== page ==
How PPP forgiveness can turn a loan into a grant
The Payroll Protection Program (PPP) loan fund is officially tapped out (for now), but if you were able to secure a loan through this program for your freelance business, it is important to know how forgiveness of this loan will work on your 2020 tax return.
First, let’s look at what are considered qualified uses for funds from a PPP loan. While you can use your loan for any business expense, if you use it for anything other than payroll costs, mortgage interest, rent or utilities during the eight weeks after getting the loan, you’ll have to pay the loan back. Please note: On August 24, 2020, the IRS issued new guidance which reversed its decision on home office deductions. Home office deductions are now allowed as part of PPP loan forgiveness, but you may include only the share of covered expenses that were deductible on the your 2019 tax filings, or if a new business, your expected 2020 tax filings.
If you are counting on having your loan forgiven, make sure you use the money for:
· Net earnings from self-employment
· Mortgage or rent payments
· Utility payments
· Interest on debt taken out before Feb. 15, 2020
It is not recommended to use your loan funds for both approved and nonapproved purposes, since only the money spent on approved uses will be forgiven. To qualify for loan forgiveness, at least 75% of the loan amount must go toward payroll costs (or your self-employment income). Only 25% of the funds you receive can be used to cover utility costs, rent. Additionally, the total amount of PPP loan forgiveness is capped at 100% of the principal amount plus accrued interest.
The following offers guidance on how to calculate the amount of a Payroll Protection Program Loan that can be forgiven by individuals with self-employment income . These calculations will be made on Schedule C of your 2020 tax return. Note that you must have self-employment income in order to qualify for loan forgiveness:
· Your self-employment income based on your 2019 Schedule C will be capped at $15,385 (calculated using a maximum $100,000 annual compensation, divided by 52 and paid for 8 weeks). Be sure to exclude any sick leave amounts for which a credit was claimed under the Families First Coronavirus Relief Act from this total.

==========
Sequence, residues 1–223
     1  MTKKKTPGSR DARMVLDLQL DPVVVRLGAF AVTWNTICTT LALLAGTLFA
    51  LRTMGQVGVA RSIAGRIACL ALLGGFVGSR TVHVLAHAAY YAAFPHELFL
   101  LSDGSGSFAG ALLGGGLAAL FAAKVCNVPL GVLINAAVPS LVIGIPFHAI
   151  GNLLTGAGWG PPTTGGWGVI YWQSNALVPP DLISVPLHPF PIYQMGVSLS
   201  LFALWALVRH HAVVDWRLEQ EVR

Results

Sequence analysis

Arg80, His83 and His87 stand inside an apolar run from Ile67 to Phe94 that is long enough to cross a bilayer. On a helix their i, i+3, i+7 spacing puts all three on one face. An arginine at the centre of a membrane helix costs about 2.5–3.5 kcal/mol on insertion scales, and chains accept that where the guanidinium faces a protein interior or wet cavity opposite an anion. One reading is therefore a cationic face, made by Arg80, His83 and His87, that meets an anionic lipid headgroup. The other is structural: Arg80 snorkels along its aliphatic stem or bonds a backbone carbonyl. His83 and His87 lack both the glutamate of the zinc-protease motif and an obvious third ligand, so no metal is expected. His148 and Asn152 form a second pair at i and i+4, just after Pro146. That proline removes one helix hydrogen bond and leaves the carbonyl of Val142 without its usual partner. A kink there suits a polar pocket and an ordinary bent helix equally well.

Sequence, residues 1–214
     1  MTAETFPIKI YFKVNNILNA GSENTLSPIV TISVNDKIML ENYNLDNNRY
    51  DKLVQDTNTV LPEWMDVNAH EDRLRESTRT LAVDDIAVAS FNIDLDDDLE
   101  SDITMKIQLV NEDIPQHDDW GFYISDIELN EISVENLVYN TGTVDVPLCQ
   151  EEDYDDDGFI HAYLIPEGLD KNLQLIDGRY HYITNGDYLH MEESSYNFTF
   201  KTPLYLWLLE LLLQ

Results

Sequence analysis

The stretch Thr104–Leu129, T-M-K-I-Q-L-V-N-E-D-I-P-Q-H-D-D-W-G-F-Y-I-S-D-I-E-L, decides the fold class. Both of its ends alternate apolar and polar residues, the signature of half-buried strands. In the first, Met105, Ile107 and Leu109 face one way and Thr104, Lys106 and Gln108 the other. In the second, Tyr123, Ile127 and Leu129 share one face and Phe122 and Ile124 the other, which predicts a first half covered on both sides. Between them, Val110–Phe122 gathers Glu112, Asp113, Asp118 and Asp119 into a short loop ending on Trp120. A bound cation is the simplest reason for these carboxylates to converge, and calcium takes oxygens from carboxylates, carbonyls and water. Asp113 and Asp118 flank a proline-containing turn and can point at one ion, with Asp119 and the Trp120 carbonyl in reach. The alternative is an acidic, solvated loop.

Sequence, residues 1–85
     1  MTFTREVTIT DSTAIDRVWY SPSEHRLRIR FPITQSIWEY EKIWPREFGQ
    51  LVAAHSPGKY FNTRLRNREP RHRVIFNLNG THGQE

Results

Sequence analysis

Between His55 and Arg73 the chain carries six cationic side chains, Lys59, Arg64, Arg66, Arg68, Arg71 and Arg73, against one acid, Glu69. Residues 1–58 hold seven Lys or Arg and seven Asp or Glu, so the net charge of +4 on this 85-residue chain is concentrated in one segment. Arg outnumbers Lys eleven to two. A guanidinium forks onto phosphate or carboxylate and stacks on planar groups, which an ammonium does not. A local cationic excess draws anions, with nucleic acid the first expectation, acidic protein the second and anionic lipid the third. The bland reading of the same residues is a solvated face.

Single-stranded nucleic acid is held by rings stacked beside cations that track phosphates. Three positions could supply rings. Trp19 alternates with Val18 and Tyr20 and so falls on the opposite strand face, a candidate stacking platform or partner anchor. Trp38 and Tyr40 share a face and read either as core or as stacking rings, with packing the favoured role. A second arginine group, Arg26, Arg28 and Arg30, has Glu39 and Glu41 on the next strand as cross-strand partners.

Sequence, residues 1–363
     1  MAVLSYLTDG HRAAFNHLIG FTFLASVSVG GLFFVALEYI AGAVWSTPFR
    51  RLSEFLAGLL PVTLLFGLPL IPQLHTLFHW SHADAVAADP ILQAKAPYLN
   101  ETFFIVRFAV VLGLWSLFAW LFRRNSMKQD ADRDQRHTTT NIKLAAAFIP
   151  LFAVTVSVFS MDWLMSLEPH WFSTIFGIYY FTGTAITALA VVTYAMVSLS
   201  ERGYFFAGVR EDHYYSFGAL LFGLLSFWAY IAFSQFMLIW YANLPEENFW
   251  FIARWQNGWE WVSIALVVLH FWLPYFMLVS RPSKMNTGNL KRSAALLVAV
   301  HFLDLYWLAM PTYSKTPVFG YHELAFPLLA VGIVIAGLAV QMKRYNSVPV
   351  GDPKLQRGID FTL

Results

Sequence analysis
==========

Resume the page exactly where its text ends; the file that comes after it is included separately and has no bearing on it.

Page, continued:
- Payments of interest on mortgage obligations and rent payments on leases incurred before February 15, 2020, can be claimed to the extent they are deductible on Schedule C.
- Utility payments on agreements entered into before February 15, 2020, to the extent the expense is deductible on Schedule C.
It is wise to calculate whether you will be able to obtain forgiveness on the total of your PPP loan in the next few weeks, so you can be prepared if you’ll need to repay any portion of the loan. The loan agreement with your SBA lender will determine the repayment terms, but under the CARES Act, the maximum loan term for amounts that are not forgiven is two years, and the maximum interest rate that can be charged is 1%.
If you missed out on PPP funding and you need cash due to loss of work from COVID-19, be on the lookout for PPP 2.0 as Congress and the president are working on further lending programs and/or adding funds to PPP. Also consider looking at filing for unemployment through your state’s unemployment insurance program. More information can be found on The Department of Labor website.
Jonathan Medows is a New York City–based CPA who specializes in taxes and business issues for freelancers and self-employed individuals across the country. He offers a free monthly email newsletter covering tax, accounting, and business issues to freelancers on his website, http://www.cpaforfreelancers.com — which also features a blog, how-to articles, and a comprehensive freelance tax guide.